We’re going from Koala Town to Oran Park Town

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The Lend Lease housing development at Gilead passed through a big hurdle at Campbelltown Council last night, but not before opponents warned it could mean bad news for local koalas – and ecotourism.

Approval for stage two will mean an additional 15,000 people between now and 2035 will live in Gilead, including Figree Hill (pictured above) as stage one is known.

Animal Justice Party councillor Matt Stellino said the decision to approve or not the biodiversity certification application for stage two was “a big deal, it will mean a lot of houses’’.

Cr Stellino, who in the end was the only vote against it, said housing development would not be good for the koala colony there or local tourism.

“Koala Town is our identity, and we may have to change it to Oran Park Town if this goes ahead,’’ he said.

“As for tourism, well, tourists wouldn’t come to see Figtree Hill.’’

The biodiversity certification process has been applied to this huge development along Appin Road in a bid to address competing development and conservation outcomes.

Stage 2 is a 269 hectare development of mostly low and medium density housing, as well as infrastructure, retail and educational facilities, public spaces, active and passive open spaces areas and conservation lands.

Development is likely to commence in 2025 and take up to 10 years to complete in eight stages, depending on demand for housing.

Council received 626 submissions during the biodiversity certification process exhibition period and a further 53 submissions after the close of exhibition.

A total of 24 submission were received from people with Campbelltown addresses, and a further five after the exhibition period.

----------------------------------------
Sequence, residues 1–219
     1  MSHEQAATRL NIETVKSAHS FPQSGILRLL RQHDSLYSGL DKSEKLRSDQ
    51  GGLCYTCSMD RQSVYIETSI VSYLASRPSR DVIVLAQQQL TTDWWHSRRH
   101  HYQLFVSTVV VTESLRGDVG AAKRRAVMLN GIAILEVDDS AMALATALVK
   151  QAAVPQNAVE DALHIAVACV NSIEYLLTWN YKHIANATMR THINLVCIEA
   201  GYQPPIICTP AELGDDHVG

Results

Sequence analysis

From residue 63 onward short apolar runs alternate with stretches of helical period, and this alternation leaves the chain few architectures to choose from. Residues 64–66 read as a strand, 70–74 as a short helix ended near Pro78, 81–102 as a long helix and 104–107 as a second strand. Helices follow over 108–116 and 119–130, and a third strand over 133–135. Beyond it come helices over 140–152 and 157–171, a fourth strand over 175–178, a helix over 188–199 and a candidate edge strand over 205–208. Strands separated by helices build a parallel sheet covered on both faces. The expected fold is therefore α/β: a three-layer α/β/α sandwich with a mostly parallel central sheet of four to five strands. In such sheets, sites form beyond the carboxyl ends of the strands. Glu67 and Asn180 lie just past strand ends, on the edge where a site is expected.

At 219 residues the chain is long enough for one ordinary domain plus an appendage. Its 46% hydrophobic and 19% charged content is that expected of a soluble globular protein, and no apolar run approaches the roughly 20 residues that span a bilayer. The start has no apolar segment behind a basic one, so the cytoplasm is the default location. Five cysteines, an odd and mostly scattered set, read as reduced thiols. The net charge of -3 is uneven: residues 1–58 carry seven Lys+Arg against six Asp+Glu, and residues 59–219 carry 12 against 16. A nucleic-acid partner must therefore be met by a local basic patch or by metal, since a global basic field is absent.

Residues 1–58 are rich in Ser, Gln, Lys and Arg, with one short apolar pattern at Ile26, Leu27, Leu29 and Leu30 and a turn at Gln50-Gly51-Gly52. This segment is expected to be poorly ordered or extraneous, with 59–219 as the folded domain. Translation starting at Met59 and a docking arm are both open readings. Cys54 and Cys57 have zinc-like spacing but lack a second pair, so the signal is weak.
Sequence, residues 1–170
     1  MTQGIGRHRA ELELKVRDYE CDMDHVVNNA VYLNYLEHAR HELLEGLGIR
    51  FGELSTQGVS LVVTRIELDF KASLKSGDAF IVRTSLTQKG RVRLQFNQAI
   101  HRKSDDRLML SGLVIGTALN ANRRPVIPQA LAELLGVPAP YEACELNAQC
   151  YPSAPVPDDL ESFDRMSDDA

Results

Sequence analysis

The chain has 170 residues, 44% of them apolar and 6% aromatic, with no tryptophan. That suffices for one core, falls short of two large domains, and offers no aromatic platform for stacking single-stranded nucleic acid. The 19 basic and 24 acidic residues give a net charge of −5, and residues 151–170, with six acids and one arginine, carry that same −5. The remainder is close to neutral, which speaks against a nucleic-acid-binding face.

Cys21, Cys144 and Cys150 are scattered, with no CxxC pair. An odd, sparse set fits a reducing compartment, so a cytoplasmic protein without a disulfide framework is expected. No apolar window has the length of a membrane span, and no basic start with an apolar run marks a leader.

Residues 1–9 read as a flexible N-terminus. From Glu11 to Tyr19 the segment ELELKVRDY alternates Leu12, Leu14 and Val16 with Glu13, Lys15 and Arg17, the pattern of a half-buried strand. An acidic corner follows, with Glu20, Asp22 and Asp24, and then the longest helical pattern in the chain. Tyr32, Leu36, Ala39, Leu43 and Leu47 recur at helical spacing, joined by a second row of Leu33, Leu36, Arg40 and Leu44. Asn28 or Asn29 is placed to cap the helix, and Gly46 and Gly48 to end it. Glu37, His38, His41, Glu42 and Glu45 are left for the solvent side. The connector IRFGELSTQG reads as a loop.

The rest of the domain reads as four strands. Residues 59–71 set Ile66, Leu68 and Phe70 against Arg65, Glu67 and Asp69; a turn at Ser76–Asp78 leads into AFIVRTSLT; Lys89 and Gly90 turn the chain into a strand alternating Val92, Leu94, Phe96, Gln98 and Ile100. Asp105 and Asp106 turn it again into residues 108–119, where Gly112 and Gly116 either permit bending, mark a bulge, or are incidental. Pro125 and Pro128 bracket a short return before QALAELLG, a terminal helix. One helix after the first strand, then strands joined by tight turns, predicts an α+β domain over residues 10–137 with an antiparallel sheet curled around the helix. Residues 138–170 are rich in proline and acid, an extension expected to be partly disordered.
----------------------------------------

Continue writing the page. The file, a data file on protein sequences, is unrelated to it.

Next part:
There were 263 submissions from Sydney and NSW combined, plus 98 from the rest of Australia and 47 from overseas.

A proposed underground koala corridor.

A report to council said that the submissions raised a number of concerns relating to the “inadequacy of surveys for threatened species, unacceptable impacts to the Campbelltown koala population (including inadequate koala corridors) and unacceptable impacts to listed endangered ecological communities”.

Three opponents of the proposed housing development addressed the council before it made its decision.

One of them, local resident Matt Twaddell, told council that they should treat the application like a quote from a tradie.

“Be careful if something’s not in the quote, because it gives the developer too much wiggle room,’’ he said.

“There is a lot of grey area in this, including the size of the koala corridors.’’

8 thoughts on “We’re going from Koala Town to Oran Park Town”

  1. I’m Maria Paola Torti from Italy.
    We from overseas are shocked about the Campbelltown vote from Councillors in favour of Biocertification Stage 2 Mt Gilead.
    They put another nail in the coffin of Campbelltown’s koalas! Shame on them.
    Councillor Brticevic was arrogant superior and dismissed the international advocate koala voices. We demand an official apology from him.
    The world is watching!!